A total of 6959 consecutive spinal surgery patients were identified from July 1, 2011, through August 31, 2015, with 4495 (64.6%) and 2464 (35.4%) patients treated at facilities 1 and 2, respectively. Sixty-nine (0.992%) SSIs were observed. There was no significant difference in the incidence of infection between patients prepared with Betadine (33 [1.036%] of 3185) and those prepared with ChloraPrep (36 [0.954%] of 3774; p = 0.728). Neither was there a significant difference in the incidence of infection in the patients treated at facility 1 (52 [1.157%] of 4495) versus facility 2 (17 [0.690%] of 2464; p = 0.06). Among the patients with SSI, the most common indication was degenerative disease (48 [69.6%] of 69). Fifty-one (74%) patients with SSI had undergone instrumented fusions in the index operation, and 38 (55%) patients with SSI had undergone revision surgeries. The incidence of SSI for minimally invasive and open surgery was 0.226% (2 of 885 cases) and 1.103% (67 of 6074 cases), respectively.

CONCLUSIONS

The choice of either ChloraPrep or Betadine for preoperative skin antisepsis in spinal surgery had no significant impact on the incidence of postoperative SSI.

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Michael Y. Wang, Peng-Yuan Chang, and Jay Grossman

OBJECTIVE

Over the past decade, Enhancing Recovery After Surgery (ERAS) programs have been implemented throughout the world across multiple surgical disciplines. However, to date no spinal surgery equivalent has been described. In this report the authors review the development and implementation of a “fast track” surgical approach for lumbar fusion.

METHODS

The first 42 consecutive cases in which patients were treated with the new surgical procedure were reviewed. A combination of endoscopic decompression, expandable cage deployment, and percutaneous screw placement were performed with liposomal bupivacaine anesthesia to allow the surgery to be performed without general endotracheal anesthesia.

RESULTS

In all cases the surgical procedure was performed successfully without conversion to an open operation. The patients' mean age (± SD) was 66.1 ± 11.7 years, the male/female ratio was 20:22, and a total of 47 levels were treated. The mean operative time was 94.6 ± 22.4 minutes, the mean intraoperative blood loss was 66 ± 30 ml, and the mean hospital length of stay was 1.29 ± 0.9 nights. Early follow-up showed a significant improvement in the mean Oswestry Disability Index score (from 40 ± 13 to 17 ± 11, p = 0.0001). Return to the operating room was required in 2 cases due to infection and in 1 case due to cage displacement. An iterative quality improvement program demonstrated areas of improvement, including steps to minimize infection, improve postoperative analgesia, and reduce cage osteolysis.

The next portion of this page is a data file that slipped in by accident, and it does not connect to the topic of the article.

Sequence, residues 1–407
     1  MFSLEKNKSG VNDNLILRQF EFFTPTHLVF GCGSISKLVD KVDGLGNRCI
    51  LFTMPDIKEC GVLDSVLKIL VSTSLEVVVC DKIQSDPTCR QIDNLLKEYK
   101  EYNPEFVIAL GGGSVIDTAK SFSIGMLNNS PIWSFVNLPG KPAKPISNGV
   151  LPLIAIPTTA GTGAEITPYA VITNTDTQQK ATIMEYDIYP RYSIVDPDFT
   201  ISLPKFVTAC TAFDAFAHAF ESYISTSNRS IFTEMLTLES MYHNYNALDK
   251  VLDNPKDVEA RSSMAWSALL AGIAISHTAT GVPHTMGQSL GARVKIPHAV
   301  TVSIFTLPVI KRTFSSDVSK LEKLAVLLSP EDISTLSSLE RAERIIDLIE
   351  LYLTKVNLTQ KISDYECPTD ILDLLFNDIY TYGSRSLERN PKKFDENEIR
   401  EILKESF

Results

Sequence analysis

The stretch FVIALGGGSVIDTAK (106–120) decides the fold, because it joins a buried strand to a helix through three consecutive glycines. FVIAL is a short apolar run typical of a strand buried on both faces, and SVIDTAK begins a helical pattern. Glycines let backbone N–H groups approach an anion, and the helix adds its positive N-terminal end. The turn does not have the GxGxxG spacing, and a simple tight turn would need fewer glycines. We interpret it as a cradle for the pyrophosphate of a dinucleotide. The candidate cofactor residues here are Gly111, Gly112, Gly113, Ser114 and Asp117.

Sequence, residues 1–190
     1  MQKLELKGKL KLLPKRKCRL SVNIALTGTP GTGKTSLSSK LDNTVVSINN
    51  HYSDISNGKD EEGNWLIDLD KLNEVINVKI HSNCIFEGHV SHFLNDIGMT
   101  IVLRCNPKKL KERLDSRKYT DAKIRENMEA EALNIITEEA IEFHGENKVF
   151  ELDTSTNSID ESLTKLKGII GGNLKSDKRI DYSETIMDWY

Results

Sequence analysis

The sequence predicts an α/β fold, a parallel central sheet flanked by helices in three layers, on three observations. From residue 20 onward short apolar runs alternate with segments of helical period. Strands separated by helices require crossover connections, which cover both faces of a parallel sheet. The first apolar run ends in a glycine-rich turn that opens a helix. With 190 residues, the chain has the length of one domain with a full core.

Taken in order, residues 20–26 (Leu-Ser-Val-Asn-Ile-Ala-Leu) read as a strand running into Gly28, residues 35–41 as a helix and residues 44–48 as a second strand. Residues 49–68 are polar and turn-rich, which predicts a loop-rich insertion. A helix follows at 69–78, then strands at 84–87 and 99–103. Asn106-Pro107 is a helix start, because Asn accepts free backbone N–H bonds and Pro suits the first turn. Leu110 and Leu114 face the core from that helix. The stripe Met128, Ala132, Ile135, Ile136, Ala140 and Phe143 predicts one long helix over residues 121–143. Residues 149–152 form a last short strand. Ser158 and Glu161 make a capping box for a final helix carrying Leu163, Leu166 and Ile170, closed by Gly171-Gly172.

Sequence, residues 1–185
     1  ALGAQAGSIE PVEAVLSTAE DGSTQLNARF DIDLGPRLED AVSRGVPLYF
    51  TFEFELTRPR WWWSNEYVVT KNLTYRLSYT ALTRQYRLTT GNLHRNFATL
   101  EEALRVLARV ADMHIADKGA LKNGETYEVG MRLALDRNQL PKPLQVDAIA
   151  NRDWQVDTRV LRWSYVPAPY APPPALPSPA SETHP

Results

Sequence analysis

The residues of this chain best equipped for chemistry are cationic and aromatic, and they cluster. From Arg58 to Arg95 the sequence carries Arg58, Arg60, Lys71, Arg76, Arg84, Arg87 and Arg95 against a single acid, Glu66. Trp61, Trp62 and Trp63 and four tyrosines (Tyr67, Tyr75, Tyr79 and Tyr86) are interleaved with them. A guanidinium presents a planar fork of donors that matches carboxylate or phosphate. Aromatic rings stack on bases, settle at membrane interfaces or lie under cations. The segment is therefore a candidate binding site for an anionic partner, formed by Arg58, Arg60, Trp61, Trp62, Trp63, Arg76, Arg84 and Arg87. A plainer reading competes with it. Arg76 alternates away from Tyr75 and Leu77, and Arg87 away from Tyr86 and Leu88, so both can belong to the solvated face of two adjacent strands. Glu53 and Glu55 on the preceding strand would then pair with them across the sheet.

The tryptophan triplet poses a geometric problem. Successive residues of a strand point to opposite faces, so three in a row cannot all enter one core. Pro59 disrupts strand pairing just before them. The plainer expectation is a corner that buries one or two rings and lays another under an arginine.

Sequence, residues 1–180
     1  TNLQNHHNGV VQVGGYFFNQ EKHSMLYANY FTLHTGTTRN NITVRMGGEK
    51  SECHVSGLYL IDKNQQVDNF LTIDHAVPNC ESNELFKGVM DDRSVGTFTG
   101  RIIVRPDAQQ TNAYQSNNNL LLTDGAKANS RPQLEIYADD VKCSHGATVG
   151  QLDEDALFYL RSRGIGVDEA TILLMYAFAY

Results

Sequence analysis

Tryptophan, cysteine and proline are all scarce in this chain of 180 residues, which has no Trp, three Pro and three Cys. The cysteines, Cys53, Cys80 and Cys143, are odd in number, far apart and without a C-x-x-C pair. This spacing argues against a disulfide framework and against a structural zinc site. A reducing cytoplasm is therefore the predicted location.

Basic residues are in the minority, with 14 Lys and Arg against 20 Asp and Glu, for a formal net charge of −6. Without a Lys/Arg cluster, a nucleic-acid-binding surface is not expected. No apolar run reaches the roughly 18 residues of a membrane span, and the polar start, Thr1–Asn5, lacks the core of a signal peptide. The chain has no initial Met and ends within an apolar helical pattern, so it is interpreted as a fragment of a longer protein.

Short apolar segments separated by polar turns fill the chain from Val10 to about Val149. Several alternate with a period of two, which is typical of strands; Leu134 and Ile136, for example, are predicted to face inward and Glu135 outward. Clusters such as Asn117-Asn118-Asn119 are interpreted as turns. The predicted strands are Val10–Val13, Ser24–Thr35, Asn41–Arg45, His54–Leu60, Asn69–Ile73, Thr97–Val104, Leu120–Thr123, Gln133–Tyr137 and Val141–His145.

CONCLUSIONS

ERAS programs for improving spinal fusion surgery are possible and necessary. This report demonstrates a first foray to apply these principles through 1) a patient-focused approach, 2) reducing the stress of the operation, and 3) an iterative improvement process.

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Khoi D. Than, Paul Park, Kai-Ming Fu, Stacie Nguyen, Michael Y. Wang, Dean Chou, Pierce D. Nunley, Neel Anand, Richard G. Fessler, Christopher I. Shaffrey, Shay Bess, Behrooz A. Akbarnia, Vedat Deviren, Juan S. Uribe, Frank La Marca, Adam S. Kanter, David O. Okonkwo, Gregory M. Mundis Jr., Praveen V. Mummaneni, and the International Spine Study Group

OBJECTIVE

Minimally invasive surgery (MIS) techniques are increasingly used to treat adult spinal deformity. However, standard minimally invasive spinal deformity techniques have a more limited ability to restore sagittal balance and match the pelvic incidence–lumbar lordosis (PI-LL) than traditional open surgery. This study sought to compare “best” versus “worst” outcomes of MIS to identify variables that may predispose patients to postoperative success.

METHODS

A retrospective review of minimally invasive spinal deformity surgery cases was performed to identify parameters in the 20% of patients who had the greatest improvement in Oswestry Disability Index (ODI) scores versus those in the 20% of patients who had the least improvement in ODI scores at 2 years' follow-up.

RESULTS